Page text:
Chronic Wasting Disease Detected in California Deer and Elk

For the first time, Chronic Wasting Disease (CWD) has been confirmed in California’s deer and elk populations, raising concerns about wildlife health across the state. The California Department of Fish and Wildlife (CDFW) reported the detection in samples collected from two deer—one in Madera County near Yosemite Lakes and another in Inyo County near Bishop.

CWD is a fatal neurologic disease that affects cervids, including deer, elk, moose, and reindeer. It causes progressive brain damage that leads to death, and there is no known treatment or vaccine available. The disease has been detected in 34 states and several Canadian provinces, and even in parts of Scandinavia, reflecting its widespread impact on cervid populations.

The infected deer in Madera County was found dead from unknown causes, while the one in Inyo County was discovered after a vehicle collision. The findings suggest that CWD may have been present in the state for some time due to the disease’s lengthy incubation period, which can span months to years.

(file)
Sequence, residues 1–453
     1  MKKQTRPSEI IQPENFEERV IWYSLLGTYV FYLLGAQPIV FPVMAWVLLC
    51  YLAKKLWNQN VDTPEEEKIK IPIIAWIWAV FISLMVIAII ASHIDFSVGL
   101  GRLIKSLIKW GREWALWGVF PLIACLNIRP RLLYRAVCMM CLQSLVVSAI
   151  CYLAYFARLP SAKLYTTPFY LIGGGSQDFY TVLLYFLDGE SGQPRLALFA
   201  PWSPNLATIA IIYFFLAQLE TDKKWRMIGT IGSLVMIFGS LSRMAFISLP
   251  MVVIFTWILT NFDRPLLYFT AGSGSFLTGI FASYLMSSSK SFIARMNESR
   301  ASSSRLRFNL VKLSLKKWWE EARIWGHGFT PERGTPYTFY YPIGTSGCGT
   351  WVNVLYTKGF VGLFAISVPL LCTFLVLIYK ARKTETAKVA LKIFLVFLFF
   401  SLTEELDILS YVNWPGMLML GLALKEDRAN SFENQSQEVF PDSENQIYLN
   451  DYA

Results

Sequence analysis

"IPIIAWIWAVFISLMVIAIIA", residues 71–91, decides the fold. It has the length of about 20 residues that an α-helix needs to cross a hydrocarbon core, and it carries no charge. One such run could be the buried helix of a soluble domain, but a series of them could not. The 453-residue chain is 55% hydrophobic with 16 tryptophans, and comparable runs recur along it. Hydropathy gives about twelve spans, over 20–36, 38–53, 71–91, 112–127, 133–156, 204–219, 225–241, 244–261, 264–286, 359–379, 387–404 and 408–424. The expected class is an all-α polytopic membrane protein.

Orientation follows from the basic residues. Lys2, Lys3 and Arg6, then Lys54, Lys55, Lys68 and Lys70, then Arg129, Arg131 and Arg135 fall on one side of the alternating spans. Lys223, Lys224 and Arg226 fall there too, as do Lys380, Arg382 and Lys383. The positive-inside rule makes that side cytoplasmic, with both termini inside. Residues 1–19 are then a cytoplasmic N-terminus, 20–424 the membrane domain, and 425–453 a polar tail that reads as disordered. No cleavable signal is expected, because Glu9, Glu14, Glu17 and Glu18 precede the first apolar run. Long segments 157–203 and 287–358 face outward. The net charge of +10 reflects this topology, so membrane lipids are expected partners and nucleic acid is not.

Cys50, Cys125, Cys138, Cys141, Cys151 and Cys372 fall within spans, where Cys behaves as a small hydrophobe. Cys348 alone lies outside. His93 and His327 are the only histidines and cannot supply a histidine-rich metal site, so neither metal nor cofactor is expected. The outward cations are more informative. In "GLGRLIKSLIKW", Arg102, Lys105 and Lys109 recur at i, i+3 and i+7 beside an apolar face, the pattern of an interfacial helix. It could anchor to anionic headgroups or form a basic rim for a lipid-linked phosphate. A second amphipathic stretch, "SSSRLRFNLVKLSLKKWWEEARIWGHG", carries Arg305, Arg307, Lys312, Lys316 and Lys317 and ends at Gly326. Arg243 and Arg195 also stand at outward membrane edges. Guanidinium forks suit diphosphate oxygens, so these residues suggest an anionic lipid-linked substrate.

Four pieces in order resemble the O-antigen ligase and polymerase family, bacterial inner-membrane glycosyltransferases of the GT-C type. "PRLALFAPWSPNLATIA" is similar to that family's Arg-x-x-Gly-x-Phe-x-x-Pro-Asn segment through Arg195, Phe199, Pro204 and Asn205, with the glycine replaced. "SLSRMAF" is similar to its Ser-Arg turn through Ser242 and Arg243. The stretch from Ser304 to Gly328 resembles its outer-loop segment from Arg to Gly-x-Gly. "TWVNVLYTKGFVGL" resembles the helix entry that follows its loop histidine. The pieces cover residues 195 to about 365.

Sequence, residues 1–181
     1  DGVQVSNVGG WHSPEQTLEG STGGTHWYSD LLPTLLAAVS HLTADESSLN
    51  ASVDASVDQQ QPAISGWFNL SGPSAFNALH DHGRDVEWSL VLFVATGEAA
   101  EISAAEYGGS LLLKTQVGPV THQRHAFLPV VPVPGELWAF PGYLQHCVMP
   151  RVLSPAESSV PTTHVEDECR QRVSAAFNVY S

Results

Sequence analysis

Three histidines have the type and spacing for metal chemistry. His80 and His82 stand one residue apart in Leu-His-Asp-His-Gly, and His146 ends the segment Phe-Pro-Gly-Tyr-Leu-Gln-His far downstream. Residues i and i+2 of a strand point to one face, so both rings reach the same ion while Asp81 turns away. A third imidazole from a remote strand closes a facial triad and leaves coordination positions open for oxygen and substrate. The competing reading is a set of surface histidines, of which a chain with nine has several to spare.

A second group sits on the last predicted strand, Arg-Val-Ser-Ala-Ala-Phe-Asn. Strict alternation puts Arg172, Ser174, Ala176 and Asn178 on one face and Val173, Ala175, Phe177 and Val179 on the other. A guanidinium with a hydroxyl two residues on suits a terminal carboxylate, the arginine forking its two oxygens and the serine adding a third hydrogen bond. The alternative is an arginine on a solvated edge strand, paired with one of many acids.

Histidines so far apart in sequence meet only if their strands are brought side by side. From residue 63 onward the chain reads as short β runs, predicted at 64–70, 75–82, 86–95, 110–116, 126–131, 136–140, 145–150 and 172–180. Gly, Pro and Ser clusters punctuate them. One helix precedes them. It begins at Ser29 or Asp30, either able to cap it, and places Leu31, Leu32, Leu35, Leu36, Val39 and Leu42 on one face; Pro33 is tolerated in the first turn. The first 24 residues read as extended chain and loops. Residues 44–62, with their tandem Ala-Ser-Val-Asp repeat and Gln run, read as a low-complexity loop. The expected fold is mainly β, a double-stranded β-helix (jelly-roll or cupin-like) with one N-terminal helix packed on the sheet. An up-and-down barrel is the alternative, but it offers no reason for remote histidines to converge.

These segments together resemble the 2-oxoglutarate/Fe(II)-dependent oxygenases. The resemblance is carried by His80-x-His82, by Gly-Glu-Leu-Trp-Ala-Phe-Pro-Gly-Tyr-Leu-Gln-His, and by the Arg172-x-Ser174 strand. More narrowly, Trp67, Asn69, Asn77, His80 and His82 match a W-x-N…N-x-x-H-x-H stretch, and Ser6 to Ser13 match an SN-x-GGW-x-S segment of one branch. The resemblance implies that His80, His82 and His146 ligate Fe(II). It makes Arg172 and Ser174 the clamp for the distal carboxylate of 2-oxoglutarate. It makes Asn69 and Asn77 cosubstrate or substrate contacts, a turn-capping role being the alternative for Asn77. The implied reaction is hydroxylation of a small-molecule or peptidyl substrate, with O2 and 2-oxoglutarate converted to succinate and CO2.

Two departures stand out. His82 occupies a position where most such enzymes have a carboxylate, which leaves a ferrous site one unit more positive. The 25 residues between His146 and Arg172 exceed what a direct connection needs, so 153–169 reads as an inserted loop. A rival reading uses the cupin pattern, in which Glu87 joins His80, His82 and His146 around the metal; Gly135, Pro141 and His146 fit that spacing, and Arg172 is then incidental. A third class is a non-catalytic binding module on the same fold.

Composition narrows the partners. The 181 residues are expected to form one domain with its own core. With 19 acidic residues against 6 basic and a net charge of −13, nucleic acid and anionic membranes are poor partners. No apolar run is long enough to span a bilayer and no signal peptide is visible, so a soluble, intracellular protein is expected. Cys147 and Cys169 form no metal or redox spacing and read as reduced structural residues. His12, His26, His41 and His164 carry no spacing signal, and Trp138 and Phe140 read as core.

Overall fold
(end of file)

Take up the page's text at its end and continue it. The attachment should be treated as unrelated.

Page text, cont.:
CWD is transmitted through prions, abnormal pathogenic agents that are resilient in the environment, potentially contaminating soil and plants. Infected animals can excrete these prions before symptoms appear, complicating efforts to control the disease’s spread. Dr. Brandon Munk, CDFW’s wildlife veterinarian, emphasized the challenge, noting that prions can persist in the environment for years, making it very difficult to prevent or control the spread once introduced.

Symptoms of CWD include weight loss, lack of coordination, listlessness, drooling, excessive thirst or urination, and behavioral changes. These signs eventually lead to rapid death once they develop. The disease poses a significant risk to wildlife, and while there is no known link between CWD and human disease, health organizations recommend preventing prion diseases from entering the human food chain.

In response to the outbreak, CDFW has been conducting lymph node sampling and testing since 2000, with over 6,500 deer and elk tested. Enhanced surveillance efforts have been in place since 2018, with assistance from hunters, taxidermists, and meat processors.

The public is urged to report any sick deer or elk and hunters are encouraged to have their harvest tested for CWD. You can report them here.

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